Mackerel is a favourite eating fish, be it simply pan fried in butter, smoked, or being made into paté, it is so versatile it will always be a firm favourite.
It is also the first fish many anglers ever catch. Numerous anglers have been introduced to fishing by dropping feathers into the sea and pulling up mackerel. Surely it can't be that easy, can it?
Well, in short, yes it can, but only if the fish are there and the conditions are right. Generally, when they are there and in abundance many people have a "Mackerel Day", where they will be out at first light and hopefully back ashore with their catch before the sun gets up and too hot. I like to get the smoker going and prepare and smoke and then vacuum seal my fresh line caught fish which will then last the year.
Rigs are very simple ... in the main they consist of feathers. However, how many feathers, what size hooks, and what colour feathers? That is where it starts to become technical.
A few tips: Keep it simple. We have found that those using maximum of 4 feathers will generally catch more than those using 6 or more feathers. Because there is less scope for tangles, this results in more effective fishing time. Another top tip is to flatten the barb on the hook. As long as the fish are reeled in under tension they will not come off, but once onboard will fall off the hook easily.
This is a must do tip for those wishing to keep fish for live baits. Mackerel do not take to being handled and will die soon after if they have been touched with bare hands. However, if you do not touch the fish and provide it with cool aerated water then it will stay alive for many hours.
The technique is really quite simple. If the boat is over a shoal of fish the skipper will alert you to the approximate depth they are at. Failing that, it is a case of dropping your feathers over the boat and trying different depths. Maybe start at the sea bottom and work your way to the surface jigging the feathers as you do so. The act of moving the feathers up and down in the tide is the favoured method and when the fish are biting there will be no mistaking "Fish On".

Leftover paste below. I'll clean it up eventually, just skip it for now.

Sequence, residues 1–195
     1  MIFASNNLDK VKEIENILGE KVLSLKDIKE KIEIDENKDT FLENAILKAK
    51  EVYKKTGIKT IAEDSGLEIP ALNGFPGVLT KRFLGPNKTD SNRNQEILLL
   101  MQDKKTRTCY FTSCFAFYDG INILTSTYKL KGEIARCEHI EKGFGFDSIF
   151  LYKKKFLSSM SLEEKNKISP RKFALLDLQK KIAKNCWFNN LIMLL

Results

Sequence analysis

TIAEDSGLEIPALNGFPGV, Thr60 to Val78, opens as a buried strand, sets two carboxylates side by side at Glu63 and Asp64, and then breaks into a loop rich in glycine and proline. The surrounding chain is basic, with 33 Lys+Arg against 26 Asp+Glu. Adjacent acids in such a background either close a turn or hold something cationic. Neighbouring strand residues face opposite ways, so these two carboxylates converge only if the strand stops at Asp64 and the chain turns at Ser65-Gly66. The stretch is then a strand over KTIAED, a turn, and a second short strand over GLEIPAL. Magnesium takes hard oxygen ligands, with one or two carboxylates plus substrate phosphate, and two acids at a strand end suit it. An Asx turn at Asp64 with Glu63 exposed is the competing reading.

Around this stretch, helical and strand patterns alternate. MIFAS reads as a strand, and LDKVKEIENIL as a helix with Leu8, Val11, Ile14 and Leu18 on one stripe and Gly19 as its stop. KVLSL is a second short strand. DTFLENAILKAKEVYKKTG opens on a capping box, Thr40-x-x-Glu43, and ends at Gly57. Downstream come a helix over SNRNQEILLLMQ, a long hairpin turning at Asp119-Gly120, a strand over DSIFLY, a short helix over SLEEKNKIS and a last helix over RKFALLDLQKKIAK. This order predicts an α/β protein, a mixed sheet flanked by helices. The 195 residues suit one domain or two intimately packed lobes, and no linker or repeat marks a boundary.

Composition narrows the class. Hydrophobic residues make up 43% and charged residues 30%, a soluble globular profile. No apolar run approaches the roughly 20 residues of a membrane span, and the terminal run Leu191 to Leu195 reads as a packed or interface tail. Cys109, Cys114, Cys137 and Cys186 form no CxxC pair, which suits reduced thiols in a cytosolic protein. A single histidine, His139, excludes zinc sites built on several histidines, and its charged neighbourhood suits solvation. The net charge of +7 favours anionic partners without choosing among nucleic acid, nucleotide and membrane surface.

Generally, mackerel are considered a numbers game. People stocking up and filling up the freezer and providing for family and friends ... 'Make hay whilst the sun shines'. The numbers game also comes into effect when being collected for live baits or bait for the day, the anglers will want to "Catch their bait as quick as they can".
Mackerel For Sport
A growing attraction is to enjoy them for their sporting attributes. The mackerel is a member of the tuna family and pound for pound is a very fast and hard fighting fish. Many anglers are now choosing to target them with a single lure on a very light rod. Many are now using fly rods and catching them on the fly.
As well as being a versatile table fish its also a versatile fish in the manner in which its targeted and caught. Because of the numerous methods and techniques used for catching them there is also a whole menagerie of tackle configurations. For general mackerel fishing (Table and Bait) then a 6lb to 12lb rod is ideal. Either fixed spool, or multiplier.
A top tip is instead of using a plain lead on your set of feathers is to use a Pirk, or similar weighted lure, this method is responsible for catching some fine Bass, which are often swimming below the shoals of mackerel. (At time of writing, there is a ban on keeping bass for rod and line pleasure anglers).